• On the question of how politics is playing into the decisions whether to step down or not, Herring said it’s “really about what’s best for Virginians…I am not a 19 year old, and soon after that embarrassing and shameful incident in college, I did change, I read a lot of history and economics and politics and I widened my circle of friends; I learned Arabic, I studied in Jordan, I reconnected with my faith, and the person that I was going in to college I was very different when I finished my studies.”
  • And, Herring added, as a public official, he “worked hard to preserve African-American cultural and historic resources…to protect voting rights and healthcare…to address a lot of the ongoing institutional racism that we see in our criminal justice system, with different drug policy, with cash bail reform, with reentry..twice went to the Supreme Court to defend …[restoration of] voting rights of over 150,000 Virginians.”
  • Herring said we need to be “honest about our history,” including “the legacy of racism and how that manifests itself in so many different ways, and look at what else we can do, whether it is with Confederate monuments and other reminders of that pas that need to be dealt with, and localities need the authority to be able to decide the future of those.”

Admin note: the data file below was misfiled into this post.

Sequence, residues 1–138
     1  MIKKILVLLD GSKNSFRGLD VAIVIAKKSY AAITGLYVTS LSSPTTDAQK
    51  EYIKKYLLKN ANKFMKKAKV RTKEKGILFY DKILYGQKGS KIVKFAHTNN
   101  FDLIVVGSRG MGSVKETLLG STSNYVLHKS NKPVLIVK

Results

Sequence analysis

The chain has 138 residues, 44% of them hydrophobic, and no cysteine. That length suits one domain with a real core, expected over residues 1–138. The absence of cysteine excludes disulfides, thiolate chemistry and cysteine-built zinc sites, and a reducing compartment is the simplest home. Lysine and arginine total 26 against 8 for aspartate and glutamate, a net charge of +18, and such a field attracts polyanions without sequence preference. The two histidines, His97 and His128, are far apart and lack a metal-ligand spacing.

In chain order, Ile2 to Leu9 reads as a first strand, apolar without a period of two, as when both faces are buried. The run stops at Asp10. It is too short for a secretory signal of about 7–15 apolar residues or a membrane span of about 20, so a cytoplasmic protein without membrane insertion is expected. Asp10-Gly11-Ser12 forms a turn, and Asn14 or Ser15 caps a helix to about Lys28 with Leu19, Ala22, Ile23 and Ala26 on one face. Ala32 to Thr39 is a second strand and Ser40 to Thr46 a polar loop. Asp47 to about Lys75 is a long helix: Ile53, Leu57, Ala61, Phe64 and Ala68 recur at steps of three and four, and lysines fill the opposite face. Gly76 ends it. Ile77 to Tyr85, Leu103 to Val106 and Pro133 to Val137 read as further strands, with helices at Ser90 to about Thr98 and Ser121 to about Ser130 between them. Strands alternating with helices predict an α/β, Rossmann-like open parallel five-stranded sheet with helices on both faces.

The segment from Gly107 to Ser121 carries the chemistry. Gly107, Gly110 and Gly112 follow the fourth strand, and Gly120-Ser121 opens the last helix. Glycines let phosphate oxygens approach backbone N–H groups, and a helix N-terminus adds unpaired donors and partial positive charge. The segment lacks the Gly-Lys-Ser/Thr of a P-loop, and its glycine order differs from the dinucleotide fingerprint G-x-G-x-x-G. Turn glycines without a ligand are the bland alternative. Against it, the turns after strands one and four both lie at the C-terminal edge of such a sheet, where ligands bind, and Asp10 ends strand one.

• Herring said we need to do more on addressing criminal justice reform. He noted that right now in Virginia, 19% of the population is African American, yet 58% of our prison population is African American. Regarding poverty, 18.8% of African American Virginians are living in poverty, compared to 8.8% of white Virginians. “We still have minority achievement gaps in education and healthcare…There’s a lot of work to do…to address the ongoing institutional and systemic racism that we see that persists throughout Virginia and elsewhere, and that is the work that lies ahead.”
  • On the idea of “reparations,” AG Herring noted that “this is the 400th anniversary of African Americans being brought in chains to Virginian and the institution of slavery…and that didn’t end with the Civil War, the slavery ended officially, but…Jim Crow followed and segregation and…mass incarceration and ongoing institutional systemic racism that we have *got* to address…to identify and rectify the ongoing racial inequities that exist today.”
  • Herring said he’s not focused at this point “at all” on whether or not he’s going to run for governor in 2021, but instead on what’s happened in Virginia over the past month “and what I might be able to do to repair the damage…[first] by acknowledging and admitting what I did, letting people know how sorry I am for it and that I know it’s wrong and why it was wrong, also listening to how it’s made other people feel about how I might be able to have some role in trying to repair that harm…that’s where I’m going to stay focused going forward.”
  • Herring said he’s “going to continue to do the business of Virginia,” but knows that we have to recognize that “what’s happened in Virginia has been painful, it is serious, and it deserves a lot of focused attention…for me and my team and the Attorney General’s office.”
  • On the ERA, Herring said he’s “so disappointed” that it didn’t pass the Virginia General Assembly this session, adds that it should have passed “long ago.” In Herring’s view, the defeat of the ERA, gun safety measures, etc. by General Assembly Republicans shows how important it is who we elect as our legislators.